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Brazil Ascarive

Cupping notes

Soft milk chocolate and caramel tones over praline and raisin.


The Serra de Mantiqueira is a mountain range that stretches across São Paulo, Minas Gerais and Rio de Janeiro states. Located in Minas Gerais, the Mantiqueria de Minas area was the first to get a geographical indication in the Brazilian coffee industry (supported and developed by BSCA). This fresh approach, akin to ‘terroir’ in the wine industry, is redefining how people view specialty coffee from Brazil. The area comprises 69,500 hectares and altitude ranges from 900 to 1,500 masl, with 25 counties in the region and 7,800 producers; 89% are smallholders. Ascarive itself has around 45 members.

The lower altitudes are often grazed by cattle and having steeper slopes compared to other parts of the state mean that the near ubiquitous mechanisation of the coffee industry in Brazil is much less commonly seen, and hand picking more prevalent. Though both red and yellow cherries are grown across the region, altitude often splits the choices, with yellow generally but not exclusively being grown at higher elevations.

Ascarive source from a number of farms that also grow competition microlots at the highest altitudes and so employ the same quality mindset across their entire estate. In an area that has received multiple awards within the Brazilian coffee industry for years, it’s not surprising that its own internal quality competition has arisen, with this years winner scoring 88.30.

Acaia is a more commonly found varietal in Brazil, and is a mutation of Mundo Novo that was selected and has been grown as a cultivar since being distributed in 1977. Mundo Novo itself was a cross between a Sumatran Typica and a Red Bourbon back in the 1940’s, and since then, like a lot of coffees, it now comprises of a small group of trees with slight distinctions between each. IAC is one from the Agronomic Institute of Campinas, an institute that has worked long and hard on developing new varietals with disease resistant traits suitable for the Brazilian terrain.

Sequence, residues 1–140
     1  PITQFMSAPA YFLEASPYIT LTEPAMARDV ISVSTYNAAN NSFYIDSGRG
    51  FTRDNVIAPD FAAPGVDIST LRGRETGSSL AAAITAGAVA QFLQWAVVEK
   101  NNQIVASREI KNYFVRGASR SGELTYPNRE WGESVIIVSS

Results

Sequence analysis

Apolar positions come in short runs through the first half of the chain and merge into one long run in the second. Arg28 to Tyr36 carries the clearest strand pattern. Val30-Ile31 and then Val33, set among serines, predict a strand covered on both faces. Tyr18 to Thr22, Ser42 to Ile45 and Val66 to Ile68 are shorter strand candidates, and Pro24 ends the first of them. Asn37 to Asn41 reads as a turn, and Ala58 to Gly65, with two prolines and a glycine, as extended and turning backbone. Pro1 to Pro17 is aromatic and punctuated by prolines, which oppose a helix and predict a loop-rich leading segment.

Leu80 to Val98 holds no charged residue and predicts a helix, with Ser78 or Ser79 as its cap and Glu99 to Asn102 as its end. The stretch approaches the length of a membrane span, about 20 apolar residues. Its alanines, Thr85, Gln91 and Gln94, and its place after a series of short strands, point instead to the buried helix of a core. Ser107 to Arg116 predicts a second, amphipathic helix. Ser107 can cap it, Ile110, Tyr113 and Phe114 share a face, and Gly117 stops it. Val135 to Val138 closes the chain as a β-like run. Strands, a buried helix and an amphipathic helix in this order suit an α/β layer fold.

See if it tastes as good as it sounds

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900 – 1500m
June - December
SCA score
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Nick and I (Jamie) headed out at the end of July to Sao Paulo with a day to briefly recover and explore the nearby Ibirapuera Park. We’d be up at 5am Monday for the next leg heading up to Minas Gerais, a state divided in to four parts (Sul de Minas, Chapada de Minas, Matas de Minas, and Cerrado), and so begin our further education on the world’s largest coffee producing country.

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It’s harvest time in Brazil – and there’s no better time to visit than now – blue skies, sunny days and bearable temperatures allow for ample exposure traversing the fields of some of Brazil’s finest coffee estates. Favourable weather has created a sizeable harvest (in Cerrado at least) so it was high time we visited to see for ourselves the abundance of coffee, and exceptional flavours we can glean from this oft overlooked producer of specialty coffee.

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